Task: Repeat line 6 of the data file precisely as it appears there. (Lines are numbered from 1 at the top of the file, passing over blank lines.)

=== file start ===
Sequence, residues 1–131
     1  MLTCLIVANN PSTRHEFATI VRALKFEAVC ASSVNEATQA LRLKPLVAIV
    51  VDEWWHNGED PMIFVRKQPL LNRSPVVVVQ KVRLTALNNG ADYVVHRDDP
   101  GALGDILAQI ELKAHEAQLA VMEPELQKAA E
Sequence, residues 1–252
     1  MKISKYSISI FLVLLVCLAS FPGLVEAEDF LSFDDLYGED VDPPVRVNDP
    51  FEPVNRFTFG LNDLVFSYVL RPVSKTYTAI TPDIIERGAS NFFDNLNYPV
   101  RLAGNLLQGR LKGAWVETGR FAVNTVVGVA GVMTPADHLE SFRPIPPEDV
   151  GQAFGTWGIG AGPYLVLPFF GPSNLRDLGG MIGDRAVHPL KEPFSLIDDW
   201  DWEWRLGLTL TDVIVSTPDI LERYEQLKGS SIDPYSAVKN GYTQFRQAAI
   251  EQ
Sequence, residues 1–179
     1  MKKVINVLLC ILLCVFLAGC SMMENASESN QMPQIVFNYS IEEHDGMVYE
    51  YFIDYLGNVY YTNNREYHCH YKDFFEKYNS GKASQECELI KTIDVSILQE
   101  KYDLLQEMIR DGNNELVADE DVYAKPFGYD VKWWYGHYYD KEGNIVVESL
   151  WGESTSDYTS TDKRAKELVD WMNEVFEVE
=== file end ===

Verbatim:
     1  MKISKYSISI FLVLLVCLAS FPGLVEAEDF LSFDDLYGED VDPPVRVNDP